|Appears in Collections:||Communications, Media and Culture Journal Articles|
|Peer Review Status:||Refereed|
|Title:||Sledgehammers, nuts and rotten apples: reassessing the case for lobbying self-regulation in the United Kingdom|
|Citation:||Dinan W & Miller D (2012) Sledgehammers, nuts and rotten apples: reassessing the case for lobbying self-regulation in the United Kingdom, Interest Groups and Advocacy, 1 (1), pp. 105-114.|
|Abstract:||In the light of broad trends to hold lobbyists accountable by voluntary or mandatory means this practice piece reviews the United Kingdom experience of lobbying self-regulation. It suggests that there are key problems with the hitherto default self-regulatory model, and that the status quo is likely to change. Over the last few years, and spanning different political administrations, a steady drip feed of controversy and scandal involving lobbying has harmed the reputation of the political system, already undermined in other ways. This damaging publicity was one of the spurs for the recent inquiry on lobbying at Westminster, and this also had an impact on manifesto commitments on lobbying in the run up to the 2010 UK general election. Lobbying reform featured in the subsequent coalition agreement. Although pressure for some form of independent oversight of lobbying has been gaining pace in the last few years, and demands for reform have intensified in the wake of recent scandals, the precise shape of lobbying regulation at Westminster is still unclear. Debate on how to regulate and make transparent relations between government, elected representatives, officials and outside interests repeatedly throws up a number of issues that will need to be addressed in whatever regime is developed. These include: agreeing a workable definition of lobbying activity, which captures both direct and indirect lobbying; setting thresholds for registration; agreeing standards and protocols for reporting lobbying activity, including information on the resources devoted to lobbying, and where these are targeted. Whatever system is developed will have to strike a balance between securing transparency (via reporting, disclosure and possibly regulation) and ensuring that barriers to participation are not created (especially for resource poor groups and ordinary citizens). It is likely that many of those engaged in lobbying that does not involve direct advocacy will seek to be excluded from full disclosure obligations. How these issues are handled will condition the scrutiny and accountability of lobbying in the United Kingdom, and ultimately play a key role in determining whether such transparency measures can contribute to rebuilding trust and confidence in the political system.|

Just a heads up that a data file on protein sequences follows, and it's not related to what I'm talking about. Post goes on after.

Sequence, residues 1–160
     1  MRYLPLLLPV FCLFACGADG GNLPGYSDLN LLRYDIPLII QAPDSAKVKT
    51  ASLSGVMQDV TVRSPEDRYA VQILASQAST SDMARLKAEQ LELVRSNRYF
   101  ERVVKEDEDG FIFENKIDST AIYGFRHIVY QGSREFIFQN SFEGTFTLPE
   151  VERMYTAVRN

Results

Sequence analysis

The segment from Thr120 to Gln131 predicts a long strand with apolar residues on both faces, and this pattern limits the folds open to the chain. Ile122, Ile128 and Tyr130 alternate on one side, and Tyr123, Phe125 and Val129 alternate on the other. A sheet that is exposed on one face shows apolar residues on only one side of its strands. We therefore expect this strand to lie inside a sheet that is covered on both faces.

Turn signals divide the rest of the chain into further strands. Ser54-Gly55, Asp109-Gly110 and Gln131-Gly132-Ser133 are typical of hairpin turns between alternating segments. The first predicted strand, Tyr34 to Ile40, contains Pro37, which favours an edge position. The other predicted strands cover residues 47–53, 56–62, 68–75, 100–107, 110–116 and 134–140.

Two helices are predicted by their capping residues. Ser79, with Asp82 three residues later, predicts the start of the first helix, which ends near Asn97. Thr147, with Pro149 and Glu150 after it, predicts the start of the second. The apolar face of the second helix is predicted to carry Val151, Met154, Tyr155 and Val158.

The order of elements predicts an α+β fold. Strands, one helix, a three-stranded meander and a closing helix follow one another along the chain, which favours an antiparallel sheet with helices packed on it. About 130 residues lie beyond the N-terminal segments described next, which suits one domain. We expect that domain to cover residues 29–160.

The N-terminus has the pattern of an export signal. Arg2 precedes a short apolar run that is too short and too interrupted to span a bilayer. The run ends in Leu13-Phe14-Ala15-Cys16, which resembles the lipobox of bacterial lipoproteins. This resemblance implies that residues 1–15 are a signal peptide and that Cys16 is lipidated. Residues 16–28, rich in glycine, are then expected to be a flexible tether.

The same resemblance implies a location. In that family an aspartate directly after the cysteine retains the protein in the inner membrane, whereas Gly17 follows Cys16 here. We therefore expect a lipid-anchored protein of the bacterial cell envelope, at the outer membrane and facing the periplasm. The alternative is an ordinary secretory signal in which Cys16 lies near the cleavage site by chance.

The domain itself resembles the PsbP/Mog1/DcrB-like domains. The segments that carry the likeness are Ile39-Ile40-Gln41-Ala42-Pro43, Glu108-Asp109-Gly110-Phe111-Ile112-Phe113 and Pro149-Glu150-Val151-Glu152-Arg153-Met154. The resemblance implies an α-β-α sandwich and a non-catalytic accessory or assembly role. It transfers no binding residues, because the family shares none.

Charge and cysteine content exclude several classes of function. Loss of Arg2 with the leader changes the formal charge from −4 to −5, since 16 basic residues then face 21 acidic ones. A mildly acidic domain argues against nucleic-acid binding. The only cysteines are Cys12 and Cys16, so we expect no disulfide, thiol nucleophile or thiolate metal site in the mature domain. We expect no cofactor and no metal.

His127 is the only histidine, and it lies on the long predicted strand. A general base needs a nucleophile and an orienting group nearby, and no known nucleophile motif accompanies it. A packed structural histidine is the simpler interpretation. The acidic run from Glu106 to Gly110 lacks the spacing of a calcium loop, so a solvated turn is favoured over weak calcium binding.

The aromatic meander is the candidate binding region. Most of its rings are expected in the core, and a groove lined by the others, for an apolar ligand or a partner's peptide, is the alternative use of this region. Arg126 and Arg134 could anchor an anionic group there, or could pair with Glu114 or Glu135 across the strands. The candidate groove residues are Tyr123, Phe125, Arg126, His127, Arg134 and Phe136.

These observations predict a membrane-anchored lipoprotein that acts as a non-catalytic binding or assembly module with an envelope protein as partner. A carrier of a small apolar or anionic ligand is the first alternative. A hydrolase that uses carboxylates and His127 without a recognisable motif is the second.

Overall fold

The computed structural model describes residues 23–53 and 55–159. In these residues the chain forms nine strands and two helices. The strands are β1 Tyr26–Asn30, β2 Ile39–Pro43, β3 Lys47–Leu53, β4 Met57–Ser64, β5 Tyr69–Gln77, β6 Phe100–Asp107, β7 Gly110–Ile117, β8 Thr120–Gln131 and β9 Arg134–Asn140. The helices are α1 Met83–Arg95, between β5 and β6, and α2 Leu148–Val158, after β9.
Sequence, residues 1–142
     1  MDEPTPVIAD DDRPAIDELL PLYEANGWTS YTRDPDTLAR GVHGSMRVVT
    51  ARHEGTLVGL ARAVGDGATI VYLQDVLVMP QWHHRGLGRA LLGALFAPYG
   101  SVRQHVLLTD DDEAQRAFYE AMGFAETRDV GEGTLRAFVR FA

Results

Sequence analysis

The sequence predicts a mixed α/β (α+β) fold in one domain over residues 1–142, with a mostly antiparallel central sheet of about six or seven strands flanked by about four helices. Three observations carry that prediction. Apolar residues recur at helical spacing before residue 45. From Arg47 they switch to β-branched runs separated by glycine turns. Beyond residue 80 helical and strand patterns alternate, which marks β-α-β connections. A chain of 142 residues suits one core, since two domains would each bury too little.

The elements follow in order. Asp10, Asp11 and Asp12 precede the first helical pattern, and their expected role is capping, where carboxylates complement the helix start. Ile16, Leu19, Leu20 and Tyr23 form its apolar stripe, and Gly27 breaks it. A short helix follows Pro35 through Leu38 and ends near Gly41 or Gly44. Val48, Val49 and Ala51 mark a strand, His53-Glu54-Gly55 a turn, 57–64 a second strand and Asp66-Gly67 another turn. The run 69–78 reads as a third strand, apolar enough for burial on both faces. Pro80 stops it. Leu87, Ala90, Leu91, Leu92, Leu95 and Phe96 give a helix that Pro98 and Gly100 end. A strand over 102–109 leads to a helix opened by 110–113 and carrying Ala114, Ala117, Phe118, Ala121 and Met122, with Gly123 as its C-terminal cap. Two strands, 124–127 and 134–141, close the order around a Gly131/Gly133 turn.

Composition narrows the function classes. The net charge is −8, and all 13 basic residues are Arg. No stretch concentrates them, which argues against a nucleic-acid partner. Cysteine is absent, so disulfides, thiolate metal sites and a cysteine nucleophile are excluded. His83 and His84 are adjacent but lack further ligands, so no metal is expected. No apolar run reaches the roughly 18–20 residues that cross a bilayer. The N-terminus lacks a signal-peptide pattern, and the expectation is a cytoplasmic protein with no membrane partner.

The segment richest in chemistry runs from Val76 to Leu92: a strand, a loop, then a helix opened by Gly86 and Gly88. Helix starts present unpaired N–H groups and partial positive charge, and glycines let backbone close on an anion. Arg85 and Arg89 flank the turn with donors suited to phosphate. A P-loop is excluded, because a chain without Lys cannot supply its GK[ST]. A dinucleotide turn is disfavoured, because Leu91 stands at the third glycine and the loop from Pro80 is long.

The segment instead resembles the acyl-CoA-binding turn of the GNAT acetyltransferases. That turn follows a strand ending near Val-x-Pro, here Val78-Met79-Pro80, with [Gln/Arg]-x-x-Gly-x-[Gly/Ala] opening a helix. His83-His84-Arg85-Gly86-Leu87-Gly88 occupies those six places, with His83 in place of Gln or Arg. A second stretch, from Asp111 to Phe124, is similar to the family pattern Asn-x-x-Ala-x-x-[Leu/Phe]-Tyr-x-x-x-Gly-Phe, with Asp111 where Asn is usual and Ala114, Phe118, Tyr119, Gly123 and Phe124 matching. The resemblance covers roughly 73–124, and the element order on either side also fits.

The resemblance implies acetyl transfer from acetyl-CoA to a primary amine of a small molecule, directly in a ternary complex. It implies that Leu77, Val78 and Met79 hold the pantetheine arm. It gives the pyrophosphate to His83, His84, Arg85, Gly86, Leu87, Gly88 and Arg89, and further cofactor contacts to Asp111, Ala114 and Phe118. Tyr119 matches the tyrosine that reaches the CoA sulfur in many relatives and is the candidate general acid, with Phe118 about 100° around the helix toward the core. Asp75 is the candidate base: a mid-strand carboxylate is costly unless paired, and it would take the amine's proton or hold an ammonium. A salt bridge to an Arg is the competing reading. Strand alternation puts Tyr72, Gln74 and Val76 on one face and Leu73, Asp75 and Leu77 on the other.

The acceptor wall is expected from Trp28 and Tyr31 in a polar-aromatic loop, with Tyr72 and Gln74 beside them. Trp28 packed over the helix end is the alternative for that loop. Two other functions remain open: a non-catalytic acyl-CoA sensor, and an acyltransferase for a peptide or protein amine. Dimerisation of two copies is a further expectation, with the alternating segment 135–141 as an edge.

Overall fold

|Rights:||The publisher does not allow this work to be made publicly available in this Repository. Please use the Request a Copy feature at the foot of the Repository record to request a copy directly from the author. You can only request a copy if you wish to use this work for your own research or private study.|
|Affiliation:||Communications, Media and Culture|
University of Bath
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